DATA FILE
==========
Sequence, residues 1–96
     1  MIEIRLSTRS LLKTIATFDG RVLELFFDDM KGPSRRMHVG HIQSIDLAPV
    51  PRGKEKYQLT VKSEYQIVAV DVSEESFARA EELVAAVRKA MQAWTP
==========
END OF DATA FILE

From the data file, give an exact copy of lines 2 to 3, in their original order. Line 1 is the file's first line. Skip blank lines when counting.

     1  MIEIRLSTRS LLKTIATFDG RVLELFFDDM KGPSRRMHVG HIQSIDLAPV
    51  PRGKEKYQLT VKSEYQIVAV DVSEESFARA EELVAAVRKA MQAWTP